EDITOR’S NOTE: Links to selected media news articles from around the web over the past week.
THE POWER OF PRINT: Newsweek went to print Friday after it ceased its printed magazine in 2012 — and, not quietly. Its cover story that revealed the unconfirmed identity of Bitcoin’s founder set off a firestorm on social media and literally sent reporters chasing the man named in the story. Its new owner, IBT Media, resurrected the print product this week with its new focus on originally reported longform journalism, reports USA Today.
TRAVOLTIFY: John Travolta’s gaffe at the 2014 Oscars where he blundered singer Idina Menzel’s name (saying instead Adele Dazeem) sparked yet another online grab at reader traffic. A name generator inspired by the mispronounced name became Slate’s most viewed article in the website’s 18-year history, bringing in 9.5 million unique visitors, reports The New York Times.
SO MANY PHOTOS: Expected to have a major impact on the stock photo market, Getty Images released 35 million stock photos free to embed in an act against copyright infringement, according to the British Journal of Photography.
PATCH WANTS VIRAL HITS: At the “new” Patch, viral stories will be more widely distributed than they were before the company was acquired by holding company Hale Global in January, according to an interview Street Fight conducted with CEO and cofounder Charles Hale.
BAD NEWS FOR BUFFETT: Billionaire investor Warren Buffett, longtime champion of local newspapers, saw a 5.6 percent drop in daily readers among his 28 papers, Bloomberg reports, and he didn’t even mention them in his legendarily comprehensive annual investor report.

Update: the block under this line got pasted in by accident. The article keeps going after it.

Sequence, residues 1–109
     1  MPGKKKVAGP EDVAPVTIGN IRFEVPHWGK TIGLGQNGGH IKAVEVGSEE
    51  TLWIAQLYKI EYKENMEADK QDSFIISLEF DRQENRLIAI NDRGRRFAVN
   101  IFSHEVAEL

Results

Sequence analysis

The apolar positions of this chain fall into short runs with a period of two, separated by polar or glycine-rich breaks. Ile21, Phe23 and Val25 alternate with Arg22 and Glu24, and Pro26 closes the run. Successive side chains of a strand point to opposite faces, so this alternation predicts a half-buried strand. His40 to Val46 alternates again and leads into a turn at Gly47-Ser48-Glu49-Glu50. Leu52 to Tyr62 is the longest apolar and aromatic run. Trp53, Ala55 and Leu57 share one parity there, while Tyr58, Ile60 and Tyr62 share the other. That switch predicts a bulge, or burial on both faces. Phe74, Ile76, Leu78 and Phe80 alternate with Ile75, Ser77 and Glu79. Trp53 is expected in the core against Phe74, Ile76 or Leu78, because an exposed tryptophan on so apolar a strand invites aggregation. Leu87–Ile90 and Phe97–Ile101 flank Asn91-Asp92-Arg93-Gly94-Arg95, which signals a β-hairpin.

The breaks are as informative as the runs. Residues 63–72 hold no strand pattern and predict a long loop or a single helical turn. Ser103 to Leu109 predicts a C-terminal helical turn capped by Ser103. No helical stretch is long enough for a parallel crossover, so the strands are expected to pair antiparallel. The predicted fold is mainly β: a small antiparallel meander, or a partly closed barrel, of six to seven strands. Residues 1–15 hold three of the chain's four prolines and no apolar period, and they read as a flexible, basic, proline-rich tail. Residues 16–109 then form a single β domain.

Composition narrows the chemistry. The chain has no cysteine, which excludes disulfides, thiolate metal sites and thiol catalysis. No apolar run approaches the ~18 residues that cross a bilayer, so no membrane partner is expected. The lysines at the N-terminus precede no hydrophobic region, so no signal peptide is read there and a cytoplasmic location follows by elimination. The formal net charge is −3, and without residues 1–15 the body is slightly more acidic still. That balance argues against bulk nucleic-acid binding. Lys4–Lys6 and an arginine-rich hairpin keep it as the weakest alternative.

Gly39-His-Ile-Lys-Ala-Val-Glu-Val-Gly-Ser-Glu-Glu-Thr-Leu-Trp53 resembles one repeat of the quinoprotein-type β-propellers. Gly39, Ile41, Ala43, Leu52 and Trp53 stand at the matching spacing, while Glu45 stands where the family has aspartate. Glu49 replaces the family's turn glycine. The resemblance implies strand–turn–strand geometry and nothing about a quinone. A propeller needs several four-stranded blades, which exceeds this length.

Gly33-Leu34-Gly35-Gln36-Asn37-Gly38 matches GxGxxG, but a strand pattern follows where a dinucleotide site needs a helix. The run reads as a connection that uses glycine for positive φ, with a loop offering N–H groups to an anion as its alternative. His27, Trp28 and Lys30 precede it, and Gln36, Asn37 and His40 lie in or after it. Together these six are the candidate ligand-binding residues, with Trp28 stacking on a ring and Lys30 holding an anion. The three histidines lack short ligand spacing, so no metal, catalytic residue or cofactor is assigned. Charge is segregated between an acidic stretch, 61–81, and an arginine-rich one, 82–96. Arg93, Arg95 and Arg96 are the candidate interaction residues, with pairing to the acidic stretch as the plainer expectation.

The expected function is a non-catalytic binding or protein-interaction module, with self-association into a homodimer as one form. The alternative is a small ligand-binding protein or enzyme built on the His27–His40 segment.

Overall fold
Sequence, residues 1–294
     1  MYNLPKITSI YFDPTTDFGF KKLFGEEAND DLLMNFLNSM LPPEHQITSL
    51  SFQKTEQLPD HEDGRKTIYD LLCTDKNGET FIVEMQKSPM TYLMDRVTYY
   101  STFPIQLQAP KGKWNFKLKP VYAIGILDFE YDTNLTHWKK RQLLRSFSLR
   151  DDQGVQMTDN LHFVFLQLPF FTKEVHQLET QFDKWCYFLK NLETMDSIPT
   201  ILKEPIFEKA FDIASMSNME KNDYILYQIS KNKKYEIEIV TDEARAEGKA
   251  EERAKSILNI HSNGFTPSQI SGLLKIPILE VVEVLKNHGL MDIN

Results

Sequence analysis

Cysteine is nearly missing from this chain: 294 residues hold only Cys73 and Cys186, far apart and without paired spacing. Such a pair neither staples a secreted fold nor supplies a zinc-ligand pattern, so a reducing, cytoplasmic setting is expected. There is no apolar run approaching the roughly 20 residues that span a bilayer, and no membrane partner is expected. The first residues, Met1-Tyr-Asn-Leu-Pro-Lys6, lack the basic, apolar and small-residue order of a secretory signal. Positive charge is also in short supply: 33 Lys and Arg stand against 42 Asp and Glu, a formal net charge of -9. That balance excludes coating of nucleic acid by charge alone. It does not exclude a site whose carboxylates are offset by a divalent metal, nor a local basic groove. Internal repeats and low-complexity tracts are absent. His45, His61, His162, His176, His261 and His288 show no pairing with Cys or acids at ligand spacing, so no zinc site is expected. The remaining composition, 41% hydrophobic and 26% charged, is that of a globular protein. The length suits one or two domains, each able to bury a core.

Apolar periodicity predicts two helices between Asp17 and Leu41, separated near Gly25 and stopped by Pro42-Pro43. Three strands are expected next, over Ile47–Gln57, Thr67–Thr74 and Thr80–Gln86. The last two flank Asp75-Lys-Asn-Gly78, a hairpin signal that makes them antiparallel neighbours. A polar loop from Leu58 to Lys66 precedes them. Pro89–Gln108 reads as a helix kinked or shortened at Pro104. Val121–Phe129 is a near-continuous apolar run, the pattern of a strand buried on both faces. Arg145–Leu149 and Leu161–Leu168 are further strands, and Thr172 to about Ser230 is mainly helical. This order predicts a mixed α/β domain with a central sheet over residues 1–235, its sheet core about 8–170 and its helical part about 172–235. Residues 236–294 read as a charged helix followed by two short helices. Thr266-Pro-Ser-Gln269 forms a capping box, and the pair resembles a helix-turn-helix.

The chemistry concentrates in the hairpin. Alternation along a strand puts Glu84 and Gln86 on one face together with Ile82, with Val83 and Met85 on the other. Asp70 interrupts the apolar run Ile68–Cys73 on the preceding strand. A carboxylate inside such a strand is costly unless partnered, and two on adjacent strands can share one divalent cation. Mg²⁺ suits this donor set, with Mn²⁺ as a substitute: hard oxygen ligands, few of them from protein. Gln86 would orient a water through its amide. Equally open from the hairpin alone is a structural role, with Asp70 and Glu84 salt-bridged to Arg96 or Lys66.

THE END OF ZITE: Flipboard, the magazine-style news reader, purchased competitor Zite from CNN. Flipboard will incorporate Zite’s personalization technology into its own app and halt future development of Zite, according to CNET.
JOURNALISM CLICHES: At The Washington Post, Carlos Lozada compiled a list of 150 overused words and phrases in journalism. Needless to say, it’s a much ballyhooed, eye-popping collection.
DOING IT RIGHT: Editor & Publisher created a list of 10 newspapers that are effectively fighting to stay relevant, including the Des Moines Register and the South Florida Sun Sentinel.
TEACHING TECH REPORTING: A Poynter column argues that adding technology reporting classes could help push innovation into a poorly-covered industry while giving students an opportunity to write and be “sheltered from market realities.”
MORE FREE STORIES: The Boston Globe announced this week that it will soon implement a number of changes, the biggest of which is the replacement of BostonGlobe.com’s hard paywall with a meter – it will offer up to 10 free stories a month, Neiman Lab reports.
This story includes contributions from Juliana Sesay, Jessica Suss, Maddie Tallman, Olivia Owens, Adam Offitzer, Dan Appenfeller, Jim Bach, Kaylin Bugos, Mike King and Lisa Rossi